All of the above! There are times when you’re having family crises or personal emergencies, and needing to keep up with the writing is less fun, because the only reason you’re doing it is that deadline hanging over your head. But writing and knowing the book is going to be read by others? That’s the absolute best. Terrifying and exhilarating, both. And really, what could beat having an excuse to read up on any subject you were ever curious about? I remember bingeing on a ton of Nora Roberts books in a row in my twenties and realizing that she’d been able to spend time researching glass blowing, Renaissance painting restoration, running a vineyard, and riverboat gambling. I was pretty sure that this was the job for me.
What’s next up for you?
My Bend or Break series with Samhain keeps growing every time I turn around! I’m working on book four, LEVEL HANDS, about Cash’s cousin, Denny, and Rafi, the guy Denny met in Chicago when he ran away from home after high school. They meet up again in college a couple years later, and Rafi’s suitemates have turned out to be a pretty eclectic group. Two of them are just crying out for books! We’ll see… I’d also love to write a whole series of books set in the world of my 1930’s drag dance hall, Lady Jane’s, from “Dance Hall Days”, although the research intimidates me, honestly. I know there are authors who write a sort of “historical lite” in romance, where they go pretty light on the details. I think I’d end up obsessing about getting everything right forever, and there’s so much to learn. But it was beyond fun to write a story set in that time, and I’m so tempted to do it again.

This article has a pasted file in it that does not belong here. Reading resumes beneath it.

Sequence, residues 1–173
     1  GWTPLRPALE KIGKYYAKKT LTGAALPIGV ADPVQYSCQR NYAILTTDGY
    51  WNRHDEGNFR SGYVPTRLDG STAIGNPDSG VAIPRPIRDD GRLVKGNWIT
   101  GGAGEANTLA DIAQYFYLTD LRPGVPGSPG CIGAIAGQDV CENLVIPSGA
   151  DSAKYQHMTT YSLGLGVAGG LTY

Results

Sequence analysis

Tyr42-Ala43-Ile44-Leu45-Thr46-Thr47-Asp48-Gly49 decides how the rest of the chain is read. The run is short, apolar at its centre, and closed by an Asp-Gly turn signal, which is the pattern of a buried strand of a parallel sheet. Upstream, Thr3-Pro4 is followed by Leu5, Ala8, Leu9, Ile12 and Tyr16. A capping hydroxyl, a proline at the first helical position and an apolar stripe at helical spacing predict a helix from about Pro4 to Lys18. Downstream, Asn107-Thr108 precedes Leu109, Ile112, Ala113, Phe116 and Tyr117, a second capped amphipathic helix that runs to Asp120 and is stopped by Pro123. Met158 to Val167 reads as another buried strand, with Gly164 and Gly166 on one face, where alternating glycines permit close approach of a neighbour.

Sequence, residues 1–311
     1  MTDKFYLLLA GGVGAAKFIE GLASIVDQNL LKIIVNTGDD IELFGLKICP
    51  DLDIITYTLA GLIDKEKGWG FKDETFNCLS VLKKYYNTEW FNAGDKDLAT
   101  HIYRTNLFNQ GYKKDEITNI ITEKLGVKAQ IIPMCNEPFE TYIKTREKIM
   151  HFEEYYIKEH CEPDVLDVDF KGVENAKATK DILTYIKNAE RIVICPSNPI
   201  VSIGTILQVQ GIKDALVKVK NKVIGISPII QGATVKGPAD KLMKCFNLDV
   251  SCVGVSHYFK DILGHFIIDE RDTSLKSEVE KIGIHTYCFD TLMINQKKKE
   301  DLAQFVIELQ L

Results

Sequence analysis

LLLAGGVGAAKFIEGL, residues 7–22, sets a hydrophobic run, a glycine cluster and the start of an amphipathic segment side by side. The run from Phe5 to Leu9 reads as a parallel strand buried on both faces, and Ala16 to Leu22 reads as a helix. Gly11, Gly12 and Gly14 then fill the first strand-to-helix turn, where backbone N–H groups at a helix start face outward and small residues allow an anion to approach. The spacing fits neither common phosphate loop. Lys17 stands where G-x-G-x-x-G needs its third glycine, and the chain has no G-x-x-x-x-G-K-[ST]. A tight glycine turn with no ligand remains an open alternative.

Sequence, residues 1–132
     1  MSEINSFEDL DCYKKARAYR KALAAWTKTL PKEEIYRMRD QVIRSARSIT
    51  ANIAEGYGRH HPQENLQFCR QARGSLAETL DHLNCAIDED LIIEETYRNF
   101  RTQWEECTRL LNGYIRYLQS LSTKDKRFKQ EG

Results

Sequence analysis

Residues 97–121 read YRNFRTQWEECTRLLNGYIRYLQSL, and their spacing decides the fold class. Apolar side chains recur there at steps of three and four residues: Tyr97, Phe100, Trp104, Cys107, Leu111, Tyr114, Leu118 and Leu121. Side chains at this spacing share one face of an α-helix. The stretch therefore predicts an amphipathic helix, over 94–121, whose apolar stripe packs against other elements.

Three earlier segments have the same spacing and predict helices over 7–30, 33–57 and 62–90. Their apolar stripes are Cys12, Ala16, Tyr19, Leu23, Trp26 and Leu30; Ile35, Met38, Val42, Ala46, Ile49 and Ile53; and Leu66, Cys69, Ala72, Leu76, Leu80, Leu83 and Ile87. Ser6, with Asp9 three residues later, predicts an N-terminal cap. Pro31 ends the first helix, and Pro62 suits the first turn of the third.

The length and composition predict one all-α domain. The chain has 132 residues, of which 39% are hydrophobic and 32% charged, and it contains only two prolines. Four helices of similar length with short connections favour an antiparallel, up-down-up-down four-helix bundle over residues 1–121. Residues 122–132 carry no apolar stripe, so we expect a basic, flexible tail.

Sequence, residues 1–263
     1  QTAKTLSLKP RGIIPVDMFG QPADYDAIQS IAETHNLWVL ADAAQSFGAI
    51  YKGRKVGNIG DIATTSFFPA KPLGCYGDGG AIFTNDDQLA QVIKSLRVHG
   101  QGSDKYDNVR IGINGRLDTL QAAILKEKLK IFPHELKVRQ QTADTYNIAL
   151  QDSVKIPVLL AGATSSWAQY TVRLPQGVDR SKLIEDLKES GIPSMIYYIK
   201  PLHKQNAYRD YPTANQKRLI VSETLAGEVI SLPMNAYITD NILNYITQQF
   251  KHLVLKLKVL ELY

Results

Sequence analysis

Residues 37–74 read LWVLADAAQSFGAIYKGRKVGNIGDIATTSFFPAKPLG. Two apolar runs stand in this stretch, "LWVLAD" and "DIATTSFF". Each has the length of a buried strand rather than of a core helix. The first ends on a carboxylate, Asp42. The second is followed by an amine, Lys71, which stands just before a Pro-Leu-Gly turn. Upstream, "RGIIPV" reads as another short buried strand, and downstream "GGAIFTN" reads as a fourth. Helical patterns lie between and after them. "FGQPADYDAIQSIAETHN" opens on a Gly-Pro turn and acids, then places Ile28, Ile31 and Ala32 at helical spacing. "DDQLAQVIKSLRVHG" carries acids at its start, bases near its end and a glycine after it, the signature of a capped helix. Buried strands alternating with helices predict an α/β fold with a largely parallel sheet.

Leave a comment on this post to enter to win a copy of “Off Campus” by Amy Jo Cousins.
AMY JO COUSINS’ WEBSITE CAN BE FOUND HERE.
Title: Five Dates
Published Date: July 25, 2014
Publisher: Goodreads M/M Romance Group
Purchase Links: Amazon